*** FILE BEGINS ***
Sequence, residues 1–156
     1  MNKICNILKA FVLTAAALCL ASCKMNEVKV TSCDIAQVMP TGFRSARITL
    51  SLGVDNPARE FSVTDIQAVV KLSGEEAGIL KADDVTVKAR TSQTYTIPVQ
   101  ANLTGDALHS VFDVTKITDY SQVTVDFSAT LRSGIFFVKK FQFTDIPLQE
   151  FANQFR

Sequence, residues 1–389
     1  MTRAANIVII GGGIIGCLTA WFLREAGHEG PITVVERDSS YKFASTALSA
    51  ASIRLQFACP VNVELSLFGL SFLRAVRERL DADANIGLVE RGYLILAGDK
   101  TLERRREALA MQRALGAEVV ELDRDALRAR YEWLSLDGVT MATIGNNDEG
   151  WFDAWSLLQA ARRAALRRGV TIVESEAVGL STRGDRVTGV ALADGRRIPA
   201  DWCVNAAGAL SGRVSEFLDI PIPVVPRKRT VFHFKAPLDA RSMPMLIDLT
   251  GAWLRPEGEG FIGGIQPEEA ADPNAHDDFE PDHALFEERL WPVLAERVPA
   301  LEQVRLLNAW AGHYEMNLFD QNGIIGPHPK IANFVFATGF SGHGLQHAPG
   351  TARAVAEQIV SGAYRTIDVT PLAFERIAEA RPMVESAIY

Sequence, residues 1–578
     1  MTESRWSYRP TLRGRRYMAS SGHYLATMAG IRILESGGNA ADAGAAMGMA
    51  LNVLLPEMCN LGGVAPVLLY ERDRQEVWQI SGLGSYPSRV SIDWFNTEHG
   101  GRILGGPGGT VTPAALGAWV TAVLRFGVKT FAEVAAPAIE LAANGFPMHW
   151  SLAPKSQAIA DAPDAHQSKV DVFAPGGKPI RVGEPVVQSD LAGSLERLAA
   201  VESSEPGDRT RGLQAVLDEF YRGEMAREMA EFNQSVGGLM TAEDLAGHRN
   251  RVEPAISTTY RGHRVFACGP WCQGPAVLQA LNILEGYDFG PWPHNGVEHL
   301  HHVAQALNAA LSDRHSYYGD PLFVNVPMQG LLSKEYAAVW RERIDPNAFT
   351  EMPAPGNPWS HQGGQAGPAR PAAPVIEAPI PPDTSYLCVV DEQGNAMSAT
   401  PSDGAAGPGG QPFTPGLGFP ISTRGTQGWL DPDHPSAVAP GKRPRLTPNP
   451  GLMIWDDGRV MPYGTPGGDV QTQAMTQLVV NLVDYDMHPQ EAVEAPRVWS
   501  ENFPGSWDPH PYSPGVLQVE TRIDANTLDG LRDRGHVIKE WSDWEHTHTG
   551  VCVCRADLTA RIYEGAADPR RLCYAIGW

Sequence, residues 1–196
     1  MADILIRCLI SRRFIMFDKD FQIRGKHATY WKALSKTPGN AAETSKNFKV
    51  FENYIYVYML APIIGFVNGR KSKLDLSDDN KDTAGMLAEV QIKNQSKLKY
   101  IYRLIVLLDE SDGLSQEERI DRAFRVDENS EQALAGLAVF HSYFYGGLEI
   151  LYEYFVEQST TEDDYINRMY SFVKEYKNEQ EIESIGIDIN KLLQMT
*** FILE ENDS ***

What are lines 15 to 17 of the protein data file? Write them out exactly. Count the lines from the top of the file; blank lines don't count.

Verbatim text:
Sequence, residues 1–578
     1  MTESRWSYRP TLRGRRYMAS SGHYLATMAG IRILESGGNA ADAGAAMGMA
    51  LNVLLPEMCN LGGVAPVLLY ERDRQEVWQI SGLGSYPSRV SIDWFNTEHG